The beans would have to be washed in potable water, which will assist in removing any insects feeding on individual beans.
We would require the beans to be inspected by the Kenyan NPPO and found to be free of quarantine pests before being exported to the United States. The pests Chrysodeixis chalcites, Helicoverpa armigera, Lampides boeticus, Maruca vitrata, and Spodoptera littoralis cause obvious feeding damage and frass on beans, allowing beans infested with these pests to be eliminated during packing. These pests are also relatively large and easily seen during inspection.
In addition to causing obvious damage, Maconellicoccus hirsutus is a pink hibiscus mealy bug whose grayish-pink bodies are covered with mealy white wax and with white wax filaments projecting from the body, making the pest easily visible on infested beans. The pest Liriomyza huidobrensis is a leafminer whose mines are easily seen on bean leaves and pods, and therefore beans with damage caused by this pest can be culled during packing. Inspection is an effective mitigation for all the above pests.
The pests Bactrocera cucurbitae, Dacus ciliatus, and Thaumatotibia leucotreta are internal feeders, and infestation by these pests cannot be easily detected by inspection of whole beans. Therefore, we are proposing to require each bean pod to be either cut into chevrons or pieces that do not exceed 2 centimeters in length, or shredded or split the length of the bean pod. Split or shredded bean pod pieces would not exceed 8 centimeters in length and 8.5 millimeters in diameter. Cutting the beans will expose any quarantine pests that may be present during inspection, while shredding the beans will both expose and destroy internal feeding pests. Cutting or splitting the beans also allows for the detection of any larvae that may be present during inspection.
Only commercial consignments of French beans and runner beans would be allowed to be imported from Kenya. Produce grown commercially is less likely to be infested with plant pests than noncommercial consignments. Noncommercial consignments are more prone to infestations because the commodity is often ripe to overripe, could be of a variety with unknown susceptibility to pests, and is often grown with little or no pest control. Commercial consignments, as defined in § 319.56-2, are consignments that an inspector identifies as having been imported for sale and distribution. Such identification is based on a variety of indicators, including, but not limited to: Quantity of produce, type of packaging, identification of grower or packinghouse on the packaging, and documents consigning the fruits or vegetables to a wholesaler or retailer.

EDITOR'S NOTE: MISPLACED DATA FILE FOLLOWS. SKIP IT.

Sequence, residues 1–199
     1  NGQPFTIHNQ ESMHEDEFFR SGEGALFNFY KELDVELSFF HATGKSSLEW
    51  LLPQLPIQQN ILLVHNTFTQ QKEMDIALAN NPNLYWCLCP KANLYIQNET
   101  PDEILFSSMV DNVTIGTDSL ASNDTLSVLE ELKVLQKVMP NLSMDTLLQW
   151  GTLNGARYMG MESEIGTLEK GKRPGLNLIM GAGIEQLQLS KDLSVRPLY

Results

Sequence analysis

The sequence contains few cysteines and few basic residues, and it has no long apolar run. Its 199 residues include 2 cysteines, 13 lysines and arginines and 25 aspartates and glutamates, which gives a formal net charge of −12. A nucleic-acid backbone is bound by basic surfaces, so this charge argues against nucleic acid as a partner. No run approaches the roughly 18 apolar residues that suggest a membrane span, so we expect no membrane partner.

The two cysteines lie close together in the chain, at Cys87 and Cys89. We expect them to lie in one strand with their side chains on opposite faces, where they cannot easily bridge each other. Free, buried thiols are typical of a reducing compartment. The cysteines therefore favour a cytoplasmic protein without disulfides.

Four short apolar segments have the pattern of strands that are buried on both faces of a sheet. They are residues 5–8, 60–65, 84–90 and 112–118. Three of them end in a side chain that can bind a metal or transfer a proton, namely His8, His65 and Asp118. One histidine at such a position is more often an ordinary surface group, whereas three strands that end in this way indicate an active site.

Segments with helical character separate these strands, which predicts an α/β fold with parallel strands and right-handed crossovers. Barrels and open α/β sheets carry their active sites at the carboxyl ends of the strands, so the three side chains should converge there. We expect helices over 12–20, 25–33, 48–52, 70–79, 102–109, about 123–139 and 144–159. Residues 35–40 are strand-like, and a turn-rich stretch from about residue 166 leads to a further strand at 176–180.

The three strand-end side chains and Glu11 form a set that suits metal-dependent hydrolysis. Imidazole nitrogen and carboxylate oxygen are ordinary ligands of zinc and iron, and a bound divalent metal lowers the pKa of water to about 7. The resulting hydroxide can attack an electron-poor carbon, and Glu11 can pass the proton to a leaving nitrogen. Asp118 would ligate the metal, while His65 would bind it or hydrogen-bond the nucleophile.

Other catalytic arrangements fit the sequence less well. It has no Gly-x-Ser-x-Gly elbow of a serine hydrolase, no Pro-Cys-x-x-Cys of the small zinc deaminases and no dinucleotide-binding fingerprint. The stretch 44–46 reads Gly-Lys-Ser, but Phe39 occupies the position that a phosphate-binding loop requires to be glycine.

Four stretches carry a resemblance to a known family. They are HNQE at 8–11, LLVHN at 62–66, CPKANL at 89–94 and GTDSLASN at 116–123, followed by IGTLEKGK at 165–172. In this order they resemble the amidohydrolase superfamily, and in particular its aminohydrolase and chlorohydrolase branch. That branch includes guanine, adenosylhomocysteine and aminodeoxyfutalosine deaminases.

Consignments of French beans and runner beans would also need to be accompanied by a phytosanitary certificate issued by Kenya's NPPO attesting that all APHIS phytosanitary requirements have been met and that the consignment was inspected and found free of quarantine pests.
We would add these requirements to the regulations in a new § 319.56-51.
Executive Order 12866 and Regulatory Flexibility Act
This proposed rule has been has been determined to be not significant for the purposes of Executive Order 12866 and, therefore, has not been reviewed by the Office of Management and Budget.
In accordance with the Regulatory Flexibility Act, we have analyzed the potential economic effects of this action on small entities. The analysis is summarized below. Copies of the full analysis are available by contacting the person listed underFOR FURTHER INFORMATION CONTACTor on the Regulations.gov Web site (see ADDRESSESabove for instructions for accessing Regulations.gov).
Kenya produced an average of about 37,000 metric tons (MT) of French beans per year between 2004 and 2009, of which it exported an average of about 34,000 MT, primarily to the European Union (EU). The EU provides a well-established market and it is unlikely that there would be a large diversion of French bean exports by Kenya from this market to the United States.
To examine potential effects of the rule for U.S. small entities, we model three levels of French bean exports to the United States from Kenya, of increasing magnitude: the amount that Kenya expects to export to the United States (800 MT), and amounts equal to 5 percent and 10 percent of Kenya's average annual exports worldwide, 2004-2009 (1,750 MT and 3,500 MT). The largest assumed level is equivalent to 1.3 percent of average annual consumption by the United States during this same period.